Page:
Can Amazon’s Kindle disrupt the current textbook market?
By Kristopher A. Nelson
in July 2009
400 words / 2 min.
Tweet Share BizOp News asks the question: “Is the Kindle DX: Amazon’s 9.7” Wireless Reading Device (Latest Generation) a disruptive device for the textbook market?”
Note: this post is from 2009. Evaluate with care and in light of later events.
BizOp News asks the question:
Is the Kindle DX: Amazon‘s 9.7″ Wireless Reading Device (Latest Generation) a disruptive device for the textbook market?
via The BizOp News | Due Diligence : Can Kindle Replace Text Books?
His main argument is that “Kindle threatens the established textbook market, because textbooks can be treated as software, and rental items. You only want the text for one course, you rent it.”
He believes, along with others, that Amazon will likely act to push legal textbook authors to publish ebooks – but they will be accompanied with licensing and DRM that will ensure their limited distribution and use and, presumably, undermine the used textbook market as well.
I believe the Kindle – and perhaps other devices like it – may indeed revolutionize the market. I am not convinced that all textbooks are amenable to an electronic model in terms of ease of use, but that may not stop the attempt by Amazon to push it.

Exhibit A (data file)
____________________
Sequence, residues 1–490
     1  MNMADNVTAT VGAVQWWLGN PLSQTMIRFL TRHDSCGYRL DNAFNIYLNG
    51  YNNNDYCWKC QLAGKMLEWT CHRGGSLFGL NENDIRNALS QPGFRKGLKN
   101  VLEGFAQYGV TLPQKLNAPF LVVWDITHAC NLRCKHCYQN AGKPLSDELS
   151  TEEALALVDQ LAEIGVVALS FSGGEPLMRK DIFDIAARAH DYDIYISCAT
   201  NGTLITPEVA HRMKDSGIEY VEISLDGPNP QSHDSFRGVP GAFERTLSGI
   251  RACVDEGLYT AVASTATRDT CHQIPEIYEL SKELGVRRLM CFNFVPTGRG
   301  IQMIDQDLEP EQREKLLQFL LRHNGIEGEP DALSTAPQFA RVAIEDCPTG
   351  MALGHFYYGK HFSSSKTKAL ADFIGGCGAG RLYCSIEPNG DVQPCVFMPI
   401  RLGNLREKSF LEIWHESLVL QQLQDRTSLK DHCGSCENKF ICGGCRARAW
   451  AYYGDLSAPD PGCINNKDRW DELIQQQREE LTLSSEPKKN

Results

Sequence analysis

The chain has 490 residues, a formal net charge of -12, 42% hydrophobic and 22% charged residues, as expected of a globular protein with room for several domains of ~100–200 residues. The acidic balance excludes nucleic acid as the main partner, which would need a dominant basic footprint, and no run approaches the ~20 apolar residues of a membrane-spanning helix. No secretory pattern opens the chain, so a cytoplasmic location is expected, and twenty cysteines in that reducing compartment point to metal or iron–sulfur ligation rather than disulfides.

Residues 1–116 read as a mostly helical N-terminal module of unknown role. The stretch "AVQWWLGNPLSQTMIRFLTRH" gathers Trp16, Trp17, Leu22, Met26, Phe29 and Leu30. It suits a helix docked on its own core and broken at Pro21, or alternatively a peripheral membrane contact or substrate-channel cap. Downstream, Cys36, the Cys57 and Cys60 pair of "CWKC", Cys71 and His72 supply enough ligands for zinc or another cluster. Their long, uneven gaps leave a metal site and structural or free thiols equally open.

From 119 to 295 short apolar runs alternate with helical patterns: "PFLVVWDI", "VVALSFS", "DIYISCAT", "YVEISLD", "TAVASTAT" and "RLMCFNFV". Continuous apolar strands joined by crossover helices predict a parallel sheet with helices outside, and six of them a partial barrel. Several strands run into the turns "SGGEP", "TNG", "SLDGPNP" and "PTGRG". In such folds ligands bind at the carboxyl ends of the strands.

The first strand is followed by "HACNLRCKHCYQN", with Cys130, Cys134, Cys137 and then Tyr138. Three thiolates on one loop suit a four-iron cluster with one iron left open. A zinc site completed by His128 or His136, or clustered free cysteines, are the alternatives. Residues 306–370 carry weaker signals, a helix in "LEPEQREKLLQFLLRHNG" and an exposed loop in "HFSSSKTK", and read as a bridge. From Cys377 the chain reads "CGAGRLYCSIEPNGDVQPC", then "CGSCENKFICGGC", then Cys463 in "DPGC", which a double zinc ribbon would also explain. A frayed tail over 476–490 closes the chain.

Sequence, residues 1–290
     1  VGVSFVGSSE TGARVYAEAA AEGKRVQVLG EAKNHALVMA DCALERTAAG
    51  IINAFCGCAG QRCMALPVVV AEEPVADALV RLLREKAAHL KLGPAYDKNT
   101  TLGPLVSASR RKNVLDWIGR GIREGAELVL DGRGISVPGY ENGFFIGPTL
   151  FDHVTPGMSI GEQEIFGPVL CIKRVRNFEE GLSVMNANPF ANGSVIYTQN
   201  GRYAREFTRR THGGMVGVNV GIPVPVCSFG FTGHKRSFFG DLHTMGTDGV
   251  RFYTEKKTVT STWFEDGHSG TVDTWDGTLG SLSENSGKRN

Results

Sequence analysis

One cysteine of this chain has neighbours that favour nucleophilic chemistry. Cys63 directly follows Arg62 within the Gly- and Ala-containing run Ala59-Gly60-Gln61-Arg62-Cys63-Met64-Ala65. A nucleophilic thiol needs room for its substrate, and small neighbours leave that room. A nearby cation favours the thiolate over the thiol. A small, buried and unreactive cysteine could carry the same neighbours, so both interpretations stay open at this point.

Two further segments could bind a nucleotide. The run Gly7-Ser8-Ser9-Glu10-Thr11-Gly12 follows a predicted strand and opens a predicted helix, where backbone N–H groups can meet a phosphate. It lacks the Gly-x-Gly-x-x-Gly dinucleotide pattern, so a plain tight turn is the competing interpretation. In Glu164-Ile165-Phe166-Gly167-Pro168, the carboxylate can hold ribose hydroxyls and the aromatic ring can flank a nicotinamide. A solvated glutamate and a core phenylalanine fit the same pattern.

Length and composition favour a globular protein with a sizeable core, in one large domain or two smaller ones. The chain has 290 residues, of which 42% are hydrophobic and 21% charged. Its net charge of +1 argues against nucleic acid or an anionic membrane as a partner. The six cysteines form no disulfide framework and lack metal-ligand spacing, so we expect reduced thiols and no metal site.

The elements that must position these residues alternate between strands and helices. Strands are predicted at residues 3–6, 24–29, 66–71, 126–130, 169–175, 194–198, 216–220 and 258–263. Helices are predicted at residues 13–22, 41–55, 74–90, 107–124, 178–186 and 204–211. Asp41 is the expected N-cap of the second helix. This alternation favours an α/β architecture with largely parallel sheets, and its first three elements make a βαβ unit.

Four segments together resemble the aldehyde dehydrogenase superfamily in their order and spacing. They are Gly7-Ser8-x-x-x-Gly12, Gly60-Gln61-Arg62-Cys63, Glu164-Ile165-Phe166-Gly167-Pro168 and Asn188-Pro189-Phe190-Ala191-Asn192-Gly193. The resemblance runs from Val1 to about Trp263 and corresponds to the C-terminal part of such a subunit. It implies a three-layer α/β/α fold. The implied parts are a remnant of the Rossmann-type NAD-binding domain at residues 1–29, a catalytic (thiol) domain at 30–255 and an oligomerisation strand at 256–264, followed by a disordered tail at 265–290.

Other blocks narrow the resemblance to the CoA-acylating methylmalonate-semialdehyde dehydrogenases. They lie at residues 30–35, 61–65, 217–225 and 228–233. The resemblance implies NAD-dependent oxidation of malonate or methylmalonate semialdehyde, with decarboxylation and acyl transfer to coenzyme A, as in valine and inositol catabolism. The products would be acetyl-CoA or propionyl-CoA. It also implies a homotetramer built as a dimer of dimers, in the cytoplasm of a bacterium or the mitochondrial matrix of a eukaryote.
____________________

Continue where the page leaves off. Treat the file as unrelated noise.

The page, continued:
To be honest, I suspect the entrenched nature of law and law schools will prevent Amazon’s complete success in any rapid fashion – I suspect a complete changeover to electronic books will simply run into too much resistance.
I also believe that “renting” textbooks stands a decent chance of generating a backlash against the current ebook licensing approach, as students (never ones to enjoy restrictions, especially ones that cost them money) discover they can’t pass on their textbooks to others by selling or giving them away.
Still, Amazon still has a chance to disrupt the market without such a backlash – if the purchase price paid by students for books justifies the more limited rights they will enjoy. If Amazon can pull it off, everyone will benefit – if they give in to publishers and keep prices artificially high – we will see a backlash and disruption of a different sort.
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